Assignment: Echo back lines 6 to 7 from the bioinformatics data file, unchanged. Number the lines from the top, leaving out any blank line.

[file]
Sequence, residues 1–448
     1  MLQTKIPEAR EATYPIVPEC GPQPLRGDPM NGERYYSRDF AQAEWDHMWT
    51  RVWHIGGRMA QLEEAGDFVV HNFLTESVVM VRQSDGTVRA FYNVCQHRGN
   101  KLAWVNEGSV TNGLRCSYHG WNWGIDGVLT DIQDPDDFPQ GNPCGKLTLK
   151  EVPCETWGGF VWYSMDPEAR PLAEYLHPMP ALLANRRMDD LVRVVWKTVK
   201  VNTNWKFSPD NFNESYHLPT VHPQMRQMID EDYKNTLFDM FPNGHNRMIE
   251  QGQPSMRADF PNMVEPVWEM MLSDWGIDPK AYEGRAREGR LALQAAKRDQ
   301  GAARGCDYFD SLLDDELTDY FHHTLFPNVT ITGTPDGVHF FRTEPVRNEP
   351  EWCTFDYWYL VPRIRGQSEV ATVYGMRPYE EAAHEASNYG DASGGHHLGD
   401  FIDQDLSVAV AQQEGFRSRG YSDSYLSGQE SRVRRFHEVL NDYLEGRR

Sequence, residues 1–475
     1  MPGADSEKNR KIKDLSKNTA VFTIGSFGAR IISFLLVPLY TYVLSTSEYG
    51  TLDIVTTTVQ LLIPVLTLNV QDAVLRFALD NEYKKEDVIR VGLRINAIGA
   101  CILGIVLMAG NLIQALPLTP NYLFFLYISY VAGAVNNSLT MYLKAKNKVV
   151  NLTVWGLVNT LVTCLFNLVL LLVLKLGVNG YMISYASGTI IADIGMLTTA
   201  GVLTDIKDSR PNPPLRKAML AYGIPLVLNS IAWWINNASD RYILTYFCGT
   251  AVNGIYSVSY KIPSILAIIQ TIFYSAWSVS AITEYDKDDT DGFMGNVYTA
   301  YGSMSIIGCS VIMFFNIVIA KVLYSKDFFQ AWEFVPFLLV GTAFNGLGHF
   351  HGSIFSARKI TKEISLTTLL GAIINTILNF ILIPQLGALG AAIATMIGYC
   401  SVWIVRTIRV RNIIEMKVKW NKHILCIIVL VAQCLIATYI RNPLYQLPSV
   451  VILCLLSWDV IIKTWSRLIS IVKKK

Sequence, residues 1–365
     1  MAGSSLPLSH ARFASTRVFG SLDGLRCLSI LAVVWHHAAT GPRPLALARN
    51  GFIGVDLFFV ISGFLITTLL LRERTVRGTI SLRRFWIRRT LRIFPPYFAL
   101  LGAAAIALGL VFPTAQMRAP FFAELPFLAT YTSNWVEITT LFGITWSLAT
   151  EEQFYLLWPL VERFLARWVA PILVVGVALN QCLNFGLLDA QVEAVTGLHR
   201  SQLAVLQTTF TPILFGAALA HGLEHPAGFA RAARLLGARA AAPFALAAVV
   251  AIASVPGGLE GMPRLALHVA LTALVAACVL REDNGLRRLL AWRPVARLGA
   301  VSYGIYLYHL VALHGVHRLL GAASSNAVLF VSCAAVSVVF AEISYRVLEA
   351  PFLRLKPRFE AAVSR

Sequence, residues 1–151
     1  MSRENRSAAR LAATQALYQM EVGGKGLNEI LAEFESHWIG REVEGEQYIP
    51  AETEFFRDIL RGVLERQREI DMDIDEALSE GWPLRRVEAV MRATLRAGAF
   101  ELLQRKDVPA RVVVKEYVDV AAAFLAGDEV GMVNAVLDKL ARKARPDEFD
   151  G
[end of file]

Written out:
   201  VNTNWKFSPD NFNESYHLPT VHPQMRQMID EDYKNTLFDM FPNGHNRMIE
   251  QGQPSMRADF PNMVEPVWEM MLSDWGIDPK AYEGRAREGR LALQAAKRDQ